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Stephane Spira - In Between (2014)
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Stephane Spira - In Between (2014)

28-06-2014, 04:05

Stephane Spira - In Between (2014)

Artist: Stephane Spira
Title Of Album: In Between
Year Of Release: 2014
Genre: Jazz
Quality: 320 Kbps
Total Time: 67:06 min
Total Size: 160 MB


1. Cosmaner
2. Dawn in Manhattan
3. Glenntleman
4. In Transit
5. Reflections in D
6. Flight
7. A Special Place
8. N.Y. Time
9. Samba Em Preludio
10. Classic
11. In Between
12. Grounds 4 Dismissal

Stéphane Spira - tenor & soprano saxes
Glenn Ferris - trombone
Steve Wood - bass
Johnathan Blake - drums

French-born, New York-based saxophonist Stephane Spira grew up with jazz the old-school way: in late night jams and cutting sessions. A protégé of longtime pianist for Chet Baker, Michel Graillier, Spira’s jazz career has taken him from 4 A.M. basement sessions in the underbelly of Paris, through acclaimed collaborations with trumpeter Stéphane Belmondo and pianist Giovanni Mirabassi, to the cutting edge of New York jazz. Spira’s fourth album as a bandleader, In Between, features more of the strikingly translucent and disarmingly catchy compositions that continue to characterize his work.

The performances here center around a tight harmonic interplay and lively, intuitive interaction between Spira and trombonist (and Steve Lacy collaborator) Glenn Ferris. It’s anchored and spiced by a similarly integral rhythm section, Steve Wood on bass and Johnathan Blake on drums. As usual, Spira matches a terse lyricism to a slightly smoky tone on tenor sax and a similarly thoughtful, Steve Lacy-inspired clarity on soprano, all the while engaging the rest of the band both rhythmically and melodically throughout a diverse mix of numbers that span the emotional spectrum.

In addition to nine originals, Spira radically reinvents Duke Ellington’s “Reflections in D” as a mystical tone poem before swinging it hard, and transforms the Baden Powell/Vincius de Moraes classic “Samba en Preludio” into a haunting dirge driven by Wood’s starkly funereal arco work. The album winds up on a cleverly humorous note with “Grounds 4 Dismissal”, Wood’s wry, historically allusive joust for bass and drums.

The album’s opening track,” Cosmaner”, wastes no time in setting the stage with a wickedly catchy shuffle theme that’s equal part Rio and New Orleans, with nifty handoffs from tenor to trombone and Wood’s bass filling in all the implied melody. Likewise, “Glenntleman” serves as a bright feature for Ferris’ bluesy soulfulness. “Dawn in Manhattan” gives the group a long launching pad to build from balmy ambiance to a slinky implied clave underpinning Spira’s warmly casual soprano and Ferris’ sly, low-down lines. In the same vein, Ferris channels Wycliffe Gordon in laid-back, drolly acerbic mode on the chromatically-fueled “In Transit”, divergent horn voicing’s coalescing to a lively conversation before Wood shifts from hypnotically circular riffage to resonant atmospherics.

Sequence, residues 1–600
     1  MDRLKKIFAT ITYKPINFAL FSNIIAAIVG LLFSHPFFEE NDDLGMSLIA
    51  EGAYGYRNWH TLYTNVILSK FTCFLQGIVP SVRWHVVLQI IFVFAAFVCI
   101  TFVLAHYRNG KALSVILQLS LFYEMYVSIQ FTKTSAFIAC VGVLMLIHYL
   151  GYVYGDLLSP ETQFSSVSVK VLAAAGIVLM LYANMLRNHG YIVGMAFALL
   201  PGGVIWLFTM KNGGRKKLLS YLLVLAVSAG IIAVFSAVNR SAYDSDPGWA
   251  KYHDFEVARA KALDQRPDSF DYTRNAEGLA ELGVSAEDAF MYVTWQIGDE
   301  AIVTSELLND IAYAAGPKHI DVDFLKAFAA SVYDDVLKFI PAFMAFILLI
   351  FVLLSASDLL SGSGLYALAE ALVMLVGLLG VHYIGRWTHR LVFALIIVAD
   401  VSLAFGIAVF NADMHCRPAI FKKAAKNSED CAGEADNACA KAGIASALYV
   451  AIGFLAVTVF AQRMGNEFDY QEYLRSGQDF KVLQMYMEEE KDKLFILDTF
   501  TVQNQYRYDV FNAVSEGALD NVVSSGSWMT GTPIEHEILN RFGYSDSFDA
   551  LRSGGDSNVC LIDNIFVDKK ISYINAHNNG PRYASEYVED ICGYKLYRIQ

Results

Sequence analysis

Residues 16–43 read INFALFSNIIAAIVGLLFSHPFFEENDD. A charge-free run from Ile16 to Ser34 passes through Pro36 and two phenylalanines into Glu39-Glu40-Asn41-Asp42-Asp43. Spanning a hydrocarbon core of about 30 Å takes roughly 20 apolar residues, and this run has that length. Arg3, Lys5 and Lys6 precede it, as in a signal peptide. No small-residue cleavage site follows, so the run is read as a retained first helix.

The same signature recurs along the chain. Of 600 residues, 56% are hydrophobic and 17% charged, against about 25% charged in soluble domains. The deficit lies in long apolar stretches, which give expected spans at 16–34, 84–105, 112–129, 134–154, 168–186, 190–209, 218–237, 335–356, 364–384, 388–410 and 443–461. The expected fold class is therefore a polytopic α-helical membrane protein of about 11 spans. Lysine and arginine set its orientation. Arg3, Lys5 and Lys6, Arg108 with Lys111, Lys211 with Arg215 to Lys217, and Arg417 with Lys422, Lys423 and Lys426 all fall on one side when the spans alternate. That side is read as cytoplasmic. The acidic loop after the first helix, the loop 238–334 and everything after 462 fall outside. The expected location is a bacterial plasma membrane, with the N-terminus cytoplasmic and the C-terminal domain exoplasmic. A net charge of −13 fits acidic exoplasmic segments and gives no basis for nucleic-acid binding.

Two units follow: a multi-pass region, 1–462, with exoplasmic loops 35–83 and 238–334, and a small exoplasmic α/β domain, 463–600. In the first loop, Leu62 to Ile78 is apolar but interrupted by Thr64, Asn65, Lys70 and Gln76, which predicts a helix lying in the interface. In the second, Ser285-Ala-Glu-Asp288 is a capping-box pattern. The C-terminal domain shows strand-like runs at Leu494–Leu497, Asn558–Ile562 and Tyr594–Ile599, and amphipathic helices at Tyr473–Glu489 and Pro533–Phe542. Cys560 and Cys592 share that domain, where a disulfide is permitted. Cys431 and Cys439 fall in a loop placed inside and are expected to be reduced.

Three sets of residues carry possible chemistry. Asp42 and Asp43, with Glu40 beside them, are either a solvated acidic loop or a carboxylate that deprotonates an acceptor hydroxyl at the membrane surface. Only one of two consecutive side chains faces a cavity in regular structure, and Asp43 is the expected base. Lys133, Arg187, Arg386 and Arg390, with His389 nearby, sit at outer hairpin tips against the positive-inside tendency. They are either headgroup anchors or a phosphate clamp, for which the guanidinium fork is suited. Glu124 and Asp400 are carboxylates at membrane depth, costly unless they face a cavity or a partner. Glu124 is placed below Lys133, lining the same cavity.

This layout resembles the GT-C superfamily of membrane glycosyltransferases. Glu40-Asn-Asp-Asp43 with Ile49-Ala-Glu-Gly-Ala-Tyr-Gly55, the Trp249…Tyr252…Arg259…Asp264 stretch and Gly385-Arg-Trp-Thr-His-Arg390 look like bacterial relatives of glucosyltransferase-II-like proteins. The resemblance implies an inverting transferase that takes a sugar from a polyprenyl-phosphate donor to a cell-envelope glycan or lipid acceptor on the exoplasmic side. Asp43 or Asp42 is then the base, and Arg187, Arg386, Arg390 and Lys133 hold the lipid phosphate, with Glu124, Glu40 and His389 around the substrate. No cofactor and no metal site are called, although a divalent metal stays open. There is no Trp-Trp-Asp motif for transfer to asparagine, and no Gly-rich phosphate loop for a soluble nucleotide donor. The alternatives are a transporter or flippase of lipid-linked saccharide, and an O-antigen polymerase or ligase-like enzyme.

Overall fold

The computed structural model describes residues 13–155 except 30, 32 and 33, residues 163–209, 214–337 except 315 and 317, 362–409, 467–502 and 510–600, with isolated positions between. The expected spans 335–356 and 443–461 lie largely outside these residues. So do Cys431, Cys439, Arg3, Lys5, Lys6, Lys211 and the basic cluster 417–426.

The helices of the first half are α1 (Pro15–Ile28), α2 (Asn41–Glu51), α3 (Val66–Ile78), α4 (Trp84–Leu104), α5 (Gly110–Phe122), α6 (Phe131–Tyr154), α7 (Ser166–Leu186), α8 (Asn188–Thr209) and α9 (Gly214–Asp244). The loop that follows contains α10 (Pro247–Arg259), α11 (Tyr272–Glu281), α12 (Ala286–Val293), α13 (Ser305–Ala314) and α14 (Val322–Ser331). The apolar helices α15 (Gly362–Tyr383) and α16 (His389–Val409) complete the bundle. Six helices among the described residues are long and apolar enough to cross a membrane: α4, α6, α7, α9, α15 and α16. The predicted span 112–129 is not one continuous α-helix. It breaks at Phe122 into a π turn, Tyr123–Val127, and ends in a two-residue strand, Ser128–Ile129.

Spira offers a nod to Coltrane on “Flight”, with its unexpected rhythmic shifts and purposeful tenor work over Blake’s flurrying, colorful volleys. The vivid ballad “A Special Place” has Ferris elegantly leading the band out of lushly misty Brazilian ambiance into a purist blues ballad. Blake again playing colorist with his misterioso brushwork, and Spira adding his signature spacious and judiciously considered phrasing.

“N.Y. Time”, a kinetic jazz waltz, has Spira leading an allusively moody modal groove, and Ferris adding an incisive solo before Blake takes it shuffling into the shadows. With its shifting counter rhythms and tight, horn harmonies, the album’s title track alludes to Monk without being derivative. The aptly titled “Classic” juxtaposes a bluesy Wood solo with a neat horn chart that diverges and then regroups, up to a triumphantly emphatic chorus: it’s “in the tradition” without being overly reverential, a quality that in many ways defines Spira’s work. ~ Jabari Kefele

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Ganzomaster   User offline   28 June 2014 04:47

Thanks from Mexico

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